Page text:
Avatar, compassion, Earth, ethics, God, humanity, poverty, progress, The History of Us, wealth
As usual, a bunch of junk has rattled around in my head and finally coalesces into something that seems printable, if not entirely coherent.
So, anyway, we saw the movie Avatar on Pay Per View the other night. I know, we didn’t really get the grandeur of it all, because we didn’t see it on a big screen, let alone in 3D. I get that.
That’s number one. Number two, is that some nights, the news is so damned depressing that I can barely stand it. The oil and all that. It just suffocates me with it’s intransigence, and insolubility, and how those to blame (a cast of hundreds no doubt, but certainly BP, the oil industry, Dick Cheney, and well, we could go on but why bother) will never be horse whipped or worse like they deserve.
Number three is that we have been watching the History Channel’s, The History of Us, which is not especially good, but not especially bad either. Last night we saw the beginning of the big up tick of industry, thanks to Carnegie and the Bessemer steel process. And of course, the rich at the very tippy top got obscenely wealthy, and the poor lived in squalor that recalls Dickens’s expose` of the London slums.
And well, like I said, all that mixed together in my mind, and I wonder–have we ever been much better than we are now, or as we getting any better? Sure, we know that throughout history, life has been cheap, short, and miserable for vast numbers of human beings. Look at every major building adventure in the world, including the US and you will find “industrial accidents” just part of doing business. No muss, no fuss, 136 dead here building this canal or dam, something like one quarter of all those steel walkers who built our skyscrapers, died in the process.
Today, that has improved, and we demand safer practices from our giants of industry who build. But nobody has been outraged at the 13 who died on the oil gulf rig, nor the 11 who died in the last mine explosion. Both BP and the mine owners had received countless citations for unsafe working conditions. But that shuts nothing down. Death is part of doing business still.
The wealthy of the so-called gilded age, played in Manhattan while tens of thousands lived lives of pure misery, holed up in tenements that remain hideous today. A journalist couldn’t get his pictures of the obscenity published in newspapers who considered the photos “too” awful. He finally started having symposiums to show the rich how the other 80% lived. The tenements were overhauled in less than 30 years, but only to a degree. They grew back with the great migration from south to north in the 30’s and 40’s or so.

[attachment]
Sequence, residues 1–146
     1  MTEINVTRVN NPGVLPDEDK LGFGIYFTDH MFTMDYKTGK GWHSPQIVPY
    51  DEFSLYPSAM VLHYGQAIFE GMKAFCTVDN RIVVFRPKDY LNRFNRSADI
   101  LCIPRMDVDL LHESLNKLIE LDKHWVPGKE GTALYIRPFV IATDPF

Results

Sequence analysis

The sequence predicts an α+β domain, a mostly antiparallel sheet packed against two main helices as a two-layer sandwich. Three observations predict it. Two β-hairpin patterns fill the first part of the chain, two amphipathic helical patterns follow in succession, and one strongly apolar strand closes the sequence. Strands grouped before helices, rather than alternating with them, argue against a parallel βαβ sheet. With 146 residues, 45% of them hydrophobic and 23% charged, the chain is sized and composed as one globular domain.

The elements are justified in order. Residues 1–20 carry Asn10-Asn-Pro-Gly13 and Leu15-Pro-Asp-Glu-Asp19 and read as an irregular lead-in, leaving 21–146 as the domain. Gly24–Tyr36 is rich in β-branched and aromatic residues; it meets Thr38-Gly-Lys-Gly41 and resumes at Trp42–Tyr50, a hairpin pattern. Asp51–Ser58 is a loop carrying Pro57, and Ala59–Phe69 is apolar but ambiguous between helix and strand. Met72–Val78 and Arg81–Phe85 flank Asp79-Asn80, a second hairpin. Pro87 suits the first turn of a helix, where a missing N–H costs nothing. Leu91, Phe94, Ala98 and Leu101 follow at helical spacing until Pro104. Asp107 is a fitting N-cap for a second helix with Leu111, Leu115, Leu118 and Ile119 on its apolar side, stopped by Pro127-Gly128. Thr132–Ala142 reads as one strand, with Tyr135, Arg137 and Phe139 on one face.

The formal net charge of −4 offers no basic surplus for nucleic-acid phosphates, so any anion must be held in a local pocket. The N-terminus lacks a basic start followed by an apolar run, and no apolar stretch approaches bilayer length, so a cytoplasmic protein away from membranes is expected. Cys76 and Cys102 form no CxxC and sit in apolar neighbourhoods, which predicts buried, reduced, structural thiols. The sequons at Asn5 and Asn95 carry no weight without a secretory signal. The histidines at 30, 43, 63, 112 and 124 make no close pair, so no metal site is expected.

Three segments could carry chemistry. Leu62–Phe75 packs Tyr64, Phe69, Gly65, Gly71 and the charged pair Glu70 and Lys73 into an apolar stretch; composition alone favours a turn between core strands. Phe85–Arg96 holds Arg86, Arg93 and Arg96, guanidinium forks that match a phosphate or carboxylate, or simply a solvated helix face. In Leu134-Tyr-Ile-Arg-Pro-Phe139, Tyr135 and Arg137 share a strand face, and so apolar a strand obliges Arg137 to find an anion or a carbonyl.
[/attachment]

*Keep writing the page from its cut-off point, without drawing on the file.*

Enter Avatar, a simply gorgeous movie with special effects both amazing and beautiful. Such a lovely world Pandora is. And this takes place far in the future and we, meaning earth, has found a way to travel to far places in the galaxy. So far so good. But that’s as far as the good goes.
We seem, for all our technological advances, to have progressed zero when it comes to our respect for other sentient beings. We apparently have no idea that there is an ethical issue at all in raping another land. We find out near the end, that Earth has been pretty much ecologically destroyed, so there is some urgency, but still, we have learned not one thing about doing what is right.
The rambo military leader is such an utter caricature of his calling, just so utterly devoid of rationality that one has to wonder. As Leonard Malkin said at the beginning, the story is rather poor. Poor is not the word I would use, it is bankrupt. One lone scientist and a couple of assistants try to take the path of understanding, but clearly they are superfluous and have no authority.
It’s hard to believe that we could be so barbaric in our behavior, but then again, looking at the world today, and reviewing the world of yesterday, perhaps it’s not so far off really. I’m not sure we have progressed much. We have prettied it up, tied some ribbons about, and we talk about “going green.” Hell, BP talked about green technology, in all those ads it placed before our television eyes. Note to self: when a ecologically suspect company spends money to tell me how wonderfully caring they are of the environment–beware. They are probably raping the hell out if it.
Which all says to me, that the world is still controlled by the rich as it always has been, for their amusement. The vast majority of us are simply the fodder for the war/industrial machine. We are thrown crumbs, sometimes more, or sometimes less, as little as can be gotten away with. The rich are always looking for ways to maximize profits as much for amusement as for any need on their part. Money is simply the way to keep score.
There are always philanthropists aplenty, who from their largess try to work on some “problem” or other. They are never more than marginally successful, because they can never convince the rest that there is anything short term worthwhile in doing so. And since, the fat cats die just like the rest of us, long term is a waste of their time.
I have to hope that things incrementally get better over time, but God must be utterly frustrated at how snail like we move. I contemplate all those who have died in war this day, and struggle to figure out if we have learned one damnable thing from time immemorial. From Cain and Abel, forward I find it hard to see that we are any more our brother’s keeper than when we were on that fatal but metaphoric day.
So, eat, drink, and be merry as the Ecclesiastics writer intoned. All is vanity. For tomorrow, rich, poor, powerful, or powerless, we die. As we traverse this time of life, some of us, hopefully, more of us, will seek to do good on this small blue dot. Believer or atheist, just because it’s the right thing to do. Amen.